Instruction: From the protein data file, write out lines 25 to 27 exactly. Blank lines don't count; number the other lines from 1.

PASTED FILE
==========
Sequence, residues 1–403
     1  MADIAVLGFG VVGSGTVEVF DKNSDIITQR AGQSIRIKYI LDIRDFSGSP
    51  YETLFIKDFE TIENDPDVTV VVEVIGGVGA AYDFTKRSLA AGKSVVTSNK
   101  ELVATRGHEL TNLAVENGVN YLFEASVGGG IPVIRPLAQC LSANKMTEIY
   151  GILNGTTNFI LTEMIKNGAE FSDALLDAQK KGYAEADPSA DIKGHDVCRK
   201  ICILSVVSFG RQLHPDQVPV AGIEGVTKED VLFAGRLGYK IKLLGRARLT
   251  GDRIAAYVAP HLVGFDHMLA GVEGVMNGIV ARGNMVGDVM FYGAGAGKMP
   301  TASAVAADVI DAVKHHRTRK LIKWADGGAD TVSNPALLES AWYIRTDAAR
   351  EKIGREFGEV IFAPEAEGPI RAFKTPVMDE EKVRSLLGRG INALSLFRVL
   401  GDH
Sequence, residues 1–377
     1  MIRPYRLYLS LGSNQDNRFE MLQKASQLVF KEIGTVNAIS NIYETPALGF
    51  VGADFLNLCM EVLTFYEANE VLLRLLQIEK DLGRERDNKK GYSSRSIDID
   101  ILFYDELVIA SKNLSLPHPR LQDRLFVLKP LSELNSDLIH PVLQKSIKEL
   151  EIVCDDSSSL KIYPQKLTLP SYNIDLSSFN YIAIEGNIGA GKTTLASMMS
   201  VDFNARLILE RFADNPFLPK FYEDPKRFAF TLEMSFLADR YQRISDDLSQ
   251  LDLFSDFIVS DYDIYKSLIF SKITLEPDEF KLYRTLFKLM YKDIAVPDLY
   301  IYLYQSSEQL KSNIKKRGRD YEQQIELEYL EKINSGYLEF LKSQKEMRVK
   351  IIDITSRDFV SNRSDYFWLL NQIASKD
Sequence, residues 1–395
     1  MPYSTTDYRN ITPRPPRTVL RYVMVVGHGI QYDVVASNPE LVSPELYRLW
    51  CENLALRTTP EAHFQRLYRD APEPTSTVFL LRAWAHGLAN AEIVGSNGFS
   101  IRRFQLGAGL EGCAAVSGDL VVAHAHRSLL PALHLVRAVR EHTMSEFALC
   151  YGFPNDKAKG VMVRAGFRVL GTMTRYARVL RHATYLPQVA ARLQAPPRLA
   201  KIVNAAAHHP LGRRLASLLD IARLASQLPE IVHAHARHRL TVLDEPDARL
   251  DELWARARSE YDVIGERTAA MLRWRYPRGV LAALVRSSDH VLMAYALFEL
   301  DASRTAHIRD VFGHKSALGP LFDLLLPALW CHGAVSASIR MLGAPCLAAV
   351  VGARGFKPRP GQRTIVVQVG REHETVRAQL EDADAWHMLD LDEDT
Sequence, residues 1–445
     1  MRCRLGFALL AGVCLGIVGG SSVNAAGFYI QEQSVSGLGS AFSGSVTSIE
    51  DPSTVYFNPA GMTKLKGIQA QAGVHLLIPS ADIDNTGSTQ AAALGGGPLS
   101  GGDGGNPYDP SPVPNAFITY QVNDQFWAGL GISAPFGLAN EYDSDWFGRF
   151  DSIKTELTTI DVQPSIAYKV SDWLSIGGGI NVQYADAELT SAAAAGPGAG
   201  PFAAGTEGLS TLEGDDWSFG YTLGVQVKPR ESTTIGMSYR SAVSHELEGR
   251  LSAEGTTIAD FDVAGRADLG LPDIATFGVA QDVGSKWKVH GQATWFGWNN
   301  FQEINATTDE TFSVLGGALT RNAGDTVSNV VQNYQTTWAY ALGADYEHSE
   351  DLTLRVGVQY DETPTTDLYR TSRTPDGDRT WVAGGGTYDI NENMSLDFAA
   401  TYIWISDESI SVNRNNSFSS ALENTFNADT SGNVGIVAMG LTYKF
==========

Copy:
   201  KIVNAAAHHP LGRRLASLLD IARLASQLPE IVHAHARHRL TVLDEPDARL
   251  DELWARARSE YDVIGERTAA MLRWRYPRGV LAALVRSSDH VLMAYALFEL
   301  DASRTAHIRD VFGHKSALGP LFDLLLPALW CHGAVSASIR MLGAPCLAAV